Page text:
Appreciate every accomplishment and weakness
The whole preparation and the rehearsals with William Kircher and Tori Kostic took us 2 intense weeks where we shaped and analysed every single scene together meticulously. Not only did they make my life so much easier as a director by being very easy to work with, but they also tended to always go the extra mile by bringing their own ideas on the characters. We cooperated seamlessly and took a very open-minded, artistic approach when building up the characters and for me the result was breathtaking and spot on.
FF: Did you learn anything new about filmmaking during the overall project?
SC: Absolutely. Every time I create a project I learn something new. There are endless possibilities for how a film can be developed both on screen and my mind. In every step of the process, I’m constantly learning so much about what’s possible and how’s best to do it. Till this day when I still receive comments about the film, I keep learning and appreciate every accomplishment and weakness.
FF: What horror films are you inspired by? What would be your favourite and why?
SC: I watched many movies in my life but I rewatched several similar films and analysed every single thing. Some movies that I was influenced by were The Shining (1980), which is my favourite movie of all times – Stanley Kubrick is a great director to educate yourself. I watched all the films from Asghar Farhadi (multiple times) who I consider one of the best directors to create tension using spot-on dialogues in his movies. Other movies I was influenced by were Misery (1990), Berlin Syndrome (2017), 10 Cloverfield Lane (2016), Room (2015) and many more.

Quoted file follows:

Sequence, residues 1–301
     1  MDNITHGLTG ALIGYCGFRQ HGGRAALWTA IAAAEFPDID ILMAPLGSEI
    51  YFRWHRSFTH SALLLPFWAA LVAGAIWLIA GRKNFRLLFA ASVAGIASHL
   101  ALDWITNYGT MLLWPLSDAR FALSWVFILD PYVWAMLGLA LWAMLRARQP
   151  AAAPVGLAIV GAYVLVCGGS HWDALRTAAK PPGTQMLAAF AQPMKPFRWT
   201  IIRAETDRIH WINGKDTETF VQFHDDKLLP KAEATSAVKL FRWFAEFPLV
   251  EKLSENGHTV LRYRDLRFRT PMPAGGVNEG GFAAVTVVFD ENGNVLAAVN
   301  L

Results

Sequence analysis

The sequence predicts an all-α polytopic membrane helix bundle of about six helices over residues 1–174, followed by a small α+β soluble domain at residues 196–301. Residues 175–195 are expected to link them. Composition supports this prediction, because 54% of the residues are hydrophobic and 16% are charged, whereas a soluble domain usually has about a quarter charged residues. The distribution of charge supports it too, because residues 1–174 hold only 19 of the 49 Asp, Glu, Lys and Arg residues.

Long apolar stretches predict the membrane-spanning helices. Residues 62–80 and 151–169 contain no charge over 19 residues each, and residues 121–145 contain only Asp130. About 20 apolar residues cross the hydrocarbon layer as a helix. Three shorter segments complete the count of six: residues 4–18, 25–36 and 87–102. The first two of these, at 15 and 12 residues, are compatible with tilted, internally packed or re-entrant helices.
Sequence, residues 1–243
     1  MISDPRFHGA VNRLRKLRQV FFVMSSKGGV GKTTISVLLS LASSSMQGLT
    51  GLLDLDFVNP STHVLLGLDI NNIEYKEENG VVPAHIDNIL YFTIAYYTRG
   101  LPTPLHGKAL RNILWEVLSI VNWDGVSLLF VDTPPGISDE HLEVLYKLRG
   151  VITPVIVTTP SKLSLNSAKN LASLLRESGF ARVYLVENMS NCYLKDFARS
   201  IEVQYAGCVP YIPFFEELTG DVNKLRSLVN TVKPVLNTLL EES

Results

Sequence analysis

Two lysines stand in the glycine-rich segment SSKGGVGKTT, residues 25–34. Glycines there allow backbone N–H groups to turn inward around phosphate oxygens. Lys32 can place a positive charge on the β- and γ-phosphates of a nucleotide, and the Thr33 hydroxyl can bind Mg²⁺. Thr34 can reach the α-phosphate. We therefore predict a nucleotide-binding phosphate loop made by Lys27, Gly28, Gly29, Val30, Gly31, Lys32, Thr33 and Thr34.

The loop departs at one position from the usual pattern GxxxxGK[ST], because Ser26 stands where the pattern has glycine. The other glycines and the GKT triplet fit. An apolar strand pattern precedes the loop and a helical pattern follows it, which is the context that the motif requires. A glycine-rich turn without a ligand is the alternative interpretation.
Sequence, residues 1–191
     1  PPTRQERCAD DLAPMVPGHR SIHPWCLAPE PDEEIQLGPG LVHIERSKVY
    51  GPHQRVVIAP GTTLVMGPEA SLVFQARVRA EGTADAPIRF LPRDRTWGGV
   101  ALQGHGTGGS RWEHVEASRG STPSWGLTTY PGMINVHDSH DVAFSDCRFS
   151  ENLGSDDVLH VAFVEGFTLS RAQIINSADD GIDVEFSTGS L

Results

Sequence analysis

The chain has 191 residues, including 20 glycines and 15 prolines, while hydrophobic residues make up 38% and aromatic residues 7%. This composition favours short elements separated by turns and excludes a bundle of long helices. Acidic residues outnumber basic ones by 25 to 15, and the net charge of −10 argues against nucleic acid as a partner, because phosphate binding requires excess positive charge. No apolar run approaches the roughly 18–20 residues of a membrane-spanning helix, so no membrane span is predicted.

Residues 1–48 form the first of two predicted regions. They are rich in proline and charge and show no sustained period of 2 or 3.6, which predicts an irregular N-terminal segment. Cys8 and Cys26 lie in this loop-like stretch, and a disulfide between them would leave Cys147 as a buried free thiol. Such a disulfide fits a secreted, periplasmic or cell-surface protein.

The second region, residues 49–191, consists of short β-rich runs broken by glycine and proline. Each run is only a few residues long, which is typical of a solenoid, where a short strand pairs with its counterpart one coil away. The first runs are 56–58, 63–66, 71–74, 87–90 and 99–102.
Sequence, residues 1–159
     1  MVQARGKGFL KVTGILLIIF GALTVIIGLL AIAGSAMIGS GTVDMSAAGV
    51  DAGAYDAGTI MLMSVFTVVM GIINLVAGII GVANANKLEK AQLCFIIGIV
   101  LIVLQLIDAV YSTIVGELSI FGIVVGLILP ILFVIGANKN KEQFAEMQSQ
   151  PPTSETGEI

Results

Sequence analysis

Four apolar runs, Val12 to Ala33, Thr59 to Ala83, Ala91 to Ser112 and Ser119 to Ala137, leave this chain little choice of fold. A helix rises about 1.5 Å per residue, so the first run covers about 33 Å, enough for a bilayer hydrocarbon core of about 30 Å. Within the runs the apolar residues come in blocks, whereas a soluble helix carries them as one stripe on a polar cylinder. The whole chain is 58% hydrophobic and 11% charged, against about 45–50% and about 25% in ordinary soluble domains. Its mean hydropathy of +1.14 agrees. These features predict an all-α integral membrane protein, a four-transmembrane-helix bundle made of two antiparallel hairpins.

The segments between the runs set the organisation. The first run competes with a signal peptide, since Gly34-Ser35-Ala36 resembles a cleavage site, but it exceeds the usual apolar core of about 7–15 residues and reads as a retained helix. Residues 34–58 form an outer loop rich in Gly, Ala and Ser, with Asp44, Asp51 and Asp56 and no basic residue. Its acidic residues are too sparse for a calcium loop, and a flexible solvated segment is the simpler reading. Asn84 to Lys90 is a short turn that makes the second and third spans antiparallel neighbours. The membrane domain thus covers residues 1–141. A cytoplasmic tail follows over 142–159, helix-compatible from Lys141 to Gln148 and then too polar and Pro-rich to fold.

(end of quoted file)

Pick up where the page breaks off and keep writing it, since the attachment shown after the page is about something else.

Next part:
For us filmmakers, watching movies is not only entertaining, it is also time for research. Therefore, the credit should go to my teachers and everyone that was involved in the films I watched so far. Those are the real influencers in my craft.
FF: What piece of advice would you give to other filmmakers trying to get into the industry?
SC: I would say it’s crucial for all filmmakers to study deeply the kind of movie they want to make and at the same time, to map out all the possible roadblocks they may have from the beginning, in order to make sure that they are putting all their energy towards delivering a sellable, exceptional product. Having the ability to picture the scenes before even writing them could be a special power in most cases, but sometimes it can be a bit tricky too.
In my case of Captive (2020), I wrote the first draft wearing the director’s hat, but soon enough I realised that doing it solely from this perspective wouldn’t bring the end-result I was hoping for. I had to step up by bringing in other hats and tweak the story and characters to make sure we stay on budget without compromising the plot or the emotions.
At that point I was writing more as a producer rather than a writer, but I guess most low-budget films can become rather restrictive in that aspect. Since I had to delete some scenes at the very last moment, I was trying to find smart solutions visually to fill the story gaps and keep the audience on their toes. That’s the part I needed to be creative the most, and make sure that no major compromises were made on the plot, at the expense of the restrictive budget.
Scriptwriter, Filmmaker, Actor, MA student in ‘Writing for Script & Screen’. Passion for travel, love comic books and no.1 LOST TV show fan!